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My Best Albums of 2017 - Lucy Fletcher

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If you're anything like me, you're probably headed toward the end of the year feeling a little... deflated.

I don't want to make this another post about how shitty the political climate is, but paying attention to your surroundings certainly takes it's toll mentally. Which is why I've now decided to download Animal Crossing's new app and restart my life as a virtual campsite manager... as if I wasn't distracted enough from the never ending pile of university work.

The ten albums below have soundtracked my way through grief, through heartbreak, through a pimms-fuelled festival-filled summer and some of the most fun gigs I've been to. A year is a long time in music, and this paints the picture of mine...

Dua Lipa - Dua Lipa

Sassy, sexy and summery, Dua Lipa’s explosive and tropical infused debut set the soundtrack to this year’s sunnier months. Having cemented herself as the nation’s big sister with the chart-topping single ‘New Rules’, giving post-break-up advice to the broken hearted and described by many fans as ‘more important than the ten commandments’, the record is the perfect listen for the independent woman (or man) looking to search a bit deeper for a feeling of self empowerment.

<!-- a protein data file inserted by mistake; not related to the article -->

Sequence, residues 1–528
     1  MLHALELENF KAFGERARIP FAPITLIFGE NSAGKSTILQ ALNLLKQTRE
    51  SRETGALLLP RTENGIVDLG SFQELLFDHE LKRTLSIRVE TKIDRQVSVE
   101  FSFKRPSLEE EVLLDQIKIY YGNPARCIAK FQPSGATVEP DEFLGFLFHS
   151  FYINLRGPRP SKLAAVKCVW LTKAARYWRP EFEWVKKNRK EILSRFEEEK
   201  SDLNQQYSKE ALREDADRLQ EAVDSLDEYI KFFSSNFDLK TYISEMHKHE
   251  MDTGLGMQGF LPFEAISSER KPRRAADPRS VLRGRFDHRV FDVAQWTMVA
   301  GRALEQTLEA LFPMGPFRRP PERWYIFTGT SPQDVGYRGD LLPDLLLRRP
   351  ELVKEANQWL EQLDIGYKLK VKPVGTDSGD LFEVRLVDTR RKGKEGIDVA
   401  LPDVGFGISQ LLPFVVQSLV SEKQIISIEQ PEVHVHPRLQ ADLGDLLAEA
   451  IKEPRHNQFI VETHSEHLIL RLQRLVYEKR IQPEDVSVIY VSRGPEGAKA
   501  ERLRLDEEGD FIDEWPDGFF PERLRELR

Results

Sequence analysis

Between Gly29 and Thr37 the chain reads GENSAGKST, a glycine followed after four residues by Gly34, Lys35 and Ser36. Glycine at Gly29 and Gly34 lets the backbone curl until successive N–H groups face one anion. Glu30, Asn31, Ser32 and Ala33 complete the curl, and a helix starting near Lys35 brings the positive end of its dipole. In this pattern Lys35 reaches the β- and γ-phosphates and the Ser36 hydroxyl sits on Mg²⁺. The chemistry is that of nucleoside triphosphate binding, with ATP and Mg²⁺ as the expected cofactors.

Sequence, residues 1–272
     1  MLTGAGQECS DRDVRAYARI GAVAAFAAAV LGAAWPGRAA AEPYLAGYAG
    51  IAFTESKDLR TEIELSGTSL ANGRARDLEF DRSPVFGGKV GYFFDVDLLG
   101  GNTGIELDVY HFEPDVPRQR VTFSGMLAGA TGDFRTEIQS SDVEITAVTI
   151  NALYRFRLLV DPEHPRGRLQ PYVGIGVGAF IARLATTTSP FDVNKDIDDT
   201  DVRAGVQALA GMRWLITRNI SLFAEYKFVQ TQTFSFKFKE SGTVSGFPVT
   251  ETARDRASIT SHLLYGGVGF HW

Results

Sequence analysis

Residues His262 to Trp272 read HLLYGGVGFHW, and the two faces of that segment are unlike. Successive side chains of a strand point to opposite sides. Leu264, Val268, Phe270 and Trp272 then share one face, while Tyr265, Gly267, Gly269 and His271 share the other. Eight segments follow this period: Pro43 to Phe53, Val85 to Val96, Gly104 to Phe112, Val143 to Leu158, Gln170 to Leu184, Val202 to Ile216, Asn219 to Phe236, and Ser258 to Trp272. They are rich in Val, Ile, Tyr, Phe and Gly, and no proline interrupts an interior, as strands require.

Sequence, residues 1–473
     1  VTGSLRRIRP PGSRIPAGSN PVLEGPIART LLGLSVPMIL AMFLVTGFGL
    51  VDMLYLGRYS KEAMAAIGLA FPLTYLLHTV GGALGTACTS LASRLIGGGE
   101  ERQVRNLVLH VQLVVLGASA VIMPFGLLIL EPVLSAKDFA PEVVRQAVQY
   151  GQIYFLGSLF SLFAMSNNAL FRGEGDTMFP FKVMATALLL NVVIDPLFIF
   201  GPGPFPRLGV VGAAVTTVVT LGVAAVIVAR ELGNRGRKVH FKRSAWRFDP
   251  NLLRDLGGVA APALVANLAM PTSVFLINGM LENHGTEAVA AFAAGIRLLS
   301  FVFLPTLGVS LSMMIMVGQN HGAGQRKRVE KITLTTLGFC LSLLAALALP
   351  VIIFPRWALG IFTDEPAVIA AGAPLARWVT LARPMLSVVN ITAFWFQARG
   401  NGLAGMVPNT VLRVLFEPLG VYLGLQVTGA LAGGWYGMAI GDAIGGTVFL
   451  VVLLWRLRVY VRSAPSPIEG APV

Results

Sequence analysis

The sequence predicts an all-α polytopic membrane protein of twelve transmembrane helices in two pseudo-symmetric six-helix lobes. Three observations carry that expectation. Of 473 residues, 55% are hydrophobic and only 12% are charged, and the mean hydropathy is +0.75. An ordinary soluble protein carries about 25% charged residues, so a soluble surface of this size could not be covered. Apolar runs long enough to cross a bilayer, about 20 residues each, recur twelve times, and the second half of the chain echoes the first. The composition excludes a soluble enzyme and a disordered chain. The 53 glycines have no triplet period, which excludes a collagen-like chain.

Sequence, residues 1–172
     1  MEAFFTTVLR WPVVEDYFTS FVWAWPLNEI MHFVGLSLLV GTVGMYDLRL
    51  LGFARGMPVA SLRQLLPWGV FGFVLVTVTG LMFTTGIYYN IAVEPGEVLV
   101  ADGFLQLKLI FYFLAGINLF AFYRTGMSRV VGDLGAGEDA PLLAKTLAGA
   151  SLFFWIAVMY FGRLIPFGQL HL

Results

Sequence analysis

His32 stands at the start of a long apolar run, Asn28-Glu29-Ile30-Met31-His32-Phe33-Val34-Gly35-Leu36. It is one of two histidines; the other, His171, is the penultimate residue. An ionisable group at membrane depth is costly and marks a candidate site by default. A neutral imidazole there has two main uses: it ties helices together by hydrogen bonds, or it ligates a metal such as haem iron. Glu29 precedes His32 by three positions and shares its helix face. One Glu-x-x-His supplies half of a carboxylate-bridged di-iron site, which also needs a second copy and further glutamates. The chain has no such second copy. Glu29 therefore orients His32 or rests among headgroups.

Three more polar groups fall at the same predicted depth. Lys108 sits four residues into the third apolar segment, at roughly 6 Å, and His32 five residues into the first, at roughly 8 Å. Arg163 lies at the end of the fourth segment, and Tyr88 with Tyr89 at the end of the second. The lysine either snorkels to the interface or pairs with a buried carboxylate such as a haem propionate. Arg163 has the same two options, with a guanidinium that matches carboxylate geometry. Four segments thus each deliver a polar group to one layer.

Dua lyrically covers sex, romance and heartbreak in a ‘take-no-shit’ manner on the album, balancing a good number of strut-worthy bangers with a couple of tracks, such as ‘No Goodbyes’, that pull right on the heartstrings. 

“You’d probably still adore me with my hands around your neck” she sings in the sultry ‘Hotter Than Hell’, the ultimate self-love anthem. Her confidence in herself also shines through in ‘Be The One’, where she’s desperate for a lover to recognise her potential, but also in contrary ‘IDGAF’ where she proclaims she’s far too good, and doesn’t give a fuck about her ex. Arrogant is probably the best way to describe this album, but in the best ‘I know my worth’ kind of way. She is a worthy role model to us all.

Harry Styles - Harry Styles